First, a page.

Have a Philosophy

I feel that failing on this front is what leads most bloggers to give up after a short time.

If the answer to the question, “Why do you have a blog?” is “Because I want a blog!” then you might not be ready to begin.  I know I wasn’t.  I started off with wanting to write a blog about online gaming and was all over the map for a while.

Then I settled down a bit when I finally realized what I wanted the blog to be.  My blogging philosophy is to weave together my own gaming experiences… tales of the weekly instance group, exploits in EVE Online, and so forth… with a timeline of major events in the industry like MMO launches, closings, expansions, and that sort of headline and press release sort of thing.  I also add in a bit about the actual act of blogging and that is the general mix that makes up TAGN.

And yet I do not feel bound by my philosophy.  I set aside the weekend for the occasional post on other topics.

Add Value

This is tough, because value can be very subjective.  For example, I do not post press releases without comment.  But my comments are rarely very insightful.  They tend to sum up the impact on me.  That is value to me, but it may not be so for you.  And if you have decided to create a MMO press release blog, you can make the argument that a single source of such press releases, especially if well organized, adds value by its existence.  But you ought to feel that there is some value to your posts.  That may help sustain you when the initial warm glow of a new blog starts to fade.

Give Yourself Some Structure

I have one regular weekly post about the instance group’s activities over the past weekend, which runs on Thursday for reasons of laziness.  And then I post a once a month summary for reasons I can no longer recall, other than it seemed like a good idea at the time.  Those two recurring posts are the structure of the blog, and everything else is extra.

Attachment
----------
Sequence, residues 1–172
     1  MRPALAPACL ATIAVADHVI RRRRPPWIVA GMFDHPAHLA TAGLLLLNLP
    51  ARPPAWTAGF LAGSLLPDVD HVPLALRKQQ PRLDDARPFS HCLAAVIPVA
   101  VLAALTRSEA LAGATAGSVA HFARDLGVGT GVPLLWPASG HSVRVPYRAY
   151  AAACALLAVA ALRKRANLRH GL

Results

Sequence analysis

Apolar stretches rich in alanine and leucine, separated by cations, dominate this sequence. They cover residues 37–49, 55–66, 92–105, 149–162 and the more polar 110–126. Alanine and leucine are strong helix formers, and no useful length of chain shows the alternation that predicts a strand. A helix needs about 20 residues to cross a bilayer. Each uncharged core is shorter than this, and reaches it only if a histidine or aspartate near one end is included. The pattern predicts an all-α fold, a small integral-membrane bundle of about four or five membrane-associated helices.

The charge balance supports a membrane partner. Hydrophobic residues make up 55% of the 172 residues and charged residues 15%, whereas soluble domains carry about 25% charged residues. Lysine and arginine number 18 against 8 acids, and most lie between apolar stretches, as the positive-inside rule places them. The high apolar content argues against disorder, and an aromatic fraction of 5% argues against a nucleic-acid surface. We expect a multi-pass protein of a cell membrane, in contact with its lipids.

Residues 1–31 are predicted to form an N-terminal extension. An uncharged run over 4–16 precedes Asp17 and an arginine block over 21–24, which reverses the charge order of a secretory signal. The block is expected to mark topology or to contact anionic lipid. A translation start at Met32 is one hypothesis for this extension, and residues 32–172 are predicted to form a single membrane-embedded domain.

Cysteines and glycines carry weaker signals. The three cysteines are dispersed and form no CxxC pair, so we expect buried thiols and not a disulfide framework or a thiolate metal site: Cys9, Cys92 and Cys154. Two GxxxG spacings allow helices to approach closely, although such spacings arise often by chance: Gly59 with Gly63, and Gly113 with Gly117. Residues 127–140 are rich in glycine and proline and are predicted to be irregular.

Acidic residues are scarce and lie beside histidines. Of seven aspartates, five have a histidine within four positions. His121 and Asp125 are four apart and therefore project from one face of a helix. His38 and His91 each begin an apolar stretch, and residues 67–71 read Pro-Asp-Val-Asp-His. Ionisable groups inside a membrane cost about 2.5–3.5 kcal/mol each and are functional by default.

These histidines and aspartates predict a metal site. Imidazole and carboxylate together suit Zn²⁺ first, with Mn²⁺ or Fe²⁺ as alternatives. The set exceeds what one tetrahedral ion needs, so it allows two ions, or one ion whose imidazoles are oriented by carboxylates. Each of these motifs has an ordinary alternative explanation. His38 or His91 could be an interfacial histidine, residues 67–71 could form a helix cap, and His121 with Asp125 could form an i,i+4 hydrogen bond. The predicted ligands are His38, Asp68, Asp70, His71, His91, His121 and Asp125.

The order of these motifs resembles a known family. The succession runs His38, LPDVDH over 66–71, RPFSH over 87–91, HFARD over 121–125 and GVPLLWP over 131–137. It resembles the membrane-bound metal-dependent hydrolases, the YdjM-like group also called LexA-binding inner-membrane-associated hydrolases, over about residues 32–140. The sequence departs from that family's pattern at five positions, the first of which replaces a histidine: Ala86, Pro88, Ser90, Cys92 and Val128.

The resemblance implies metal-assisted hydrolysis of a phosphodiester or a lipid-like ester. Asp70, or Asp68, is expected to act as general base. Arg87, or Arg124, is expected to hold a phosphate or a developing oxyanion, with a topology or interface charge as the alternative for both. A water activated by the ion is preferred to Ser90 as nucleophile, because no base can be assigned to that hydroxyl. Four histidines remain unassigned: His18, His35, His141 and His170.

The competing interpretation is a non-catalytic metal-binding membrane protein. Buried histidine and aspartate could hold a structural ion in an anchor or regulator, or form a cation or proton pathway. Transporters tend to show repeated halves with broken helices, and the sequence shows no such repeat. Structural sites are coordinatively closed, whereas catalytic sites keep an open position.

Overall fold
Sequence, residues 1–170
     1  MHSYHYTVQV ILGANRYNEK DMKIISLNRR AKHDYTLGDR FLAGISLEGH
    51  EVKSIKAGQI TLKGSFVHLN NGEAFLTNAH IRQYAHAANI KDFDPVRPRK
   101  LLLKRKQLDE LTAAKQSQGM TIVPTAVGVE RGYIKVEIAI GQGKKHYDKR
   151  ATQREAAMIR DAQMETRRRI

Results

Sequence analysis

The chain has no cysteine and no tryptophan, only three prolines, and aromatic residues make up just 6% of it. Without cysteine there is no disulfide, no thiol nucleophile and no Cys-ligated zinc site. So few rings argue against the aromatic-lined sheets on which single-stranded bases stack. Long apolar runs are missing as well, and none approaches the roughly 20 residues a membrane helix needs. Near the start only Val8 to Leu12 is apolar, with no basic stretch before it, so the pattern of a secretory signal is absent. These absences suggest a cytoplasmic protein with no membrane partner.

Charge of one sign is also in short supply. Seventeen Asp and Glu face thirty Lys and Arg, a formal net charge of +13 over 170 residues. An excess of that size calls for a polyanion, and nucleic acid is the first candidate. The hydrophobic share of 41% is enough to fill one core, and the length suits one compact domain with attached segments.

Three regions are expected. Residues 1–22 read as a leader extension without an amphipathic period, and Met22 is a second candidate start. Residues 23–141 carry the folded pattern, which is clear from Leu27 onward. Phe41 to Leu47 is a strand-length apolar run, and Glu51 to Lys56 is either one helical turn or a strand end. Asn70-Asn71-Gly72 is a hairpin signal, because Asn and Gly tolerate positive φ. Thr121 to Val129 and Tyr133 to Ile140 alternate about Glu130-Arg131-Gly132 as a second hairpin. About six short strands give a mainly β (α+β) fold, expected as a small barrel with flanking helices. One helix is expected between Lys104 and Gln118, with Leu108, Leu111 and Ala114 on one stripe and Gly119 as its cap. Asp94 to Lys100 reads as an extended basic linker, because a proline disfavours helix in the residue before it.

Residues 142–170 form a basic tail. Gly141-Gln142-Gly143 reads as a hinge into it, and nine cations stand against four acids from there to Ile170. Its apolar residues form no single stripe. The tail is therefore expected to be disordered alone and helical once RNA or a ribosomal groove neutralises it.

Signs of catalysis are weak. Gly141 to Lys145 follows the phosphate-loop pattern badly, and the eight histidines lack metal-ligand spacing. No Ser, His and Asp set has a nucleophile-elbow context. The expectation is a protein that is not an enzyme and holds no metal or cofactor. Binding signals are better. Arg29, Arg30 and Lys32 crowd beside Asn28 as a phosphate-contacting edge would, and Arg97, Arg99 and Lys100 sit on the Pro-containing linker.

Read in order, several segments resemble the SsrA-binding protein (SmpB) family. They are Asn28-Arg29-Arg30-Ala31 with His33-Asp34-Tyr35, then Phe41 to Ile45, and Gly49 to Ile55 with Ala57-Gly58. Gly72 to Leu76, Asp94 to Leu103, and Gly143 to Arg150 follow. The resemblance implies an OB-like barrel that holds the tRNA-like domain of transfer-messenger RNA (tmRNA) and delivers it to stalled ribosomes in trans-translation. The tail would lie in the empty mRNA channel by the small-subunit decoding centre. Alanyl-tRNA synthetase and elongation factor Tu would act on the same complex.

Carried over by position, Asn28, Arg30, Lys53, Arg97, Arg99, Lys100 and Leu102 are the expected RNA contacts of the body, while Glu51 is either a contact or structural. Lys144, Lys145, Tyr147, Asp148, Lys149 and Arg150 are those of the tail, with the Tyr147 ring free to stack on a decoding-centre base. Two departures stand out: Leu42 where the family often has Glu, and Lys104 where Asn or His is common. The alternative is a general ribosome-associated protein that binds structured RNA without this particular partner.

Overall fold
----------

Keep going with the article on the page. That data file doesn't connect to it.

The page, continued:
Link Like You are Getting Paid to Link

When in doubt, link to something.  Link to source material.  Link to press releases.  Link to other blog posts on the subject.  Link to your past posts on the subject.  Link to definitions of big words.  This is the internet, and the biggest advantage it gives you is the ability to quickly and easily connect to other material on the same subject.  While I link out a lot, I still feel I could be doing more.  Plus, you know, link whoring.

Do Not Depend Too Much on Links

The flip side of the above is link rot.  While it is a great thing to be able to link to all sorts of supporting material, do not depend on it to carry the weight of your post.  I groan when I see a post that contains a “go read this” link and then offers an opinion that depends on the context of off-site material to carry the post.  Because that link is going to go dead some day, and then that post will make no sense.  I try to keep quotes and context on my own site and link back to their source… like I was writing a real paper or something.  Sometimes I get lazy and don’t, and then a link goes dead and I kick myself for it.

Do Not Take Things Too Seriously

Yourself included, unless you plan to make this your profession.  It is only a blog.  Blogs are a dime a dozen, and for each one that is against some aspect of online games, you can find another that is completely in favor of it.   So if you reach a point where you find yourself taking game companies to task because they do not listen to your advice… and you are not actually in the industry but just some person on the internet… you’ve probably gone too far.

Headlines Can Be a Lot of Fun

Even now, somebody is probably trying to figure out what lies my parents told me.  Other than the usual ones… Santa, the Easter Bunny, the impact of swallowing watermelon seeds, and the existence of El Segundo…  I cannot recall any huge, earth shattering lies.  But they might still be holding out on me.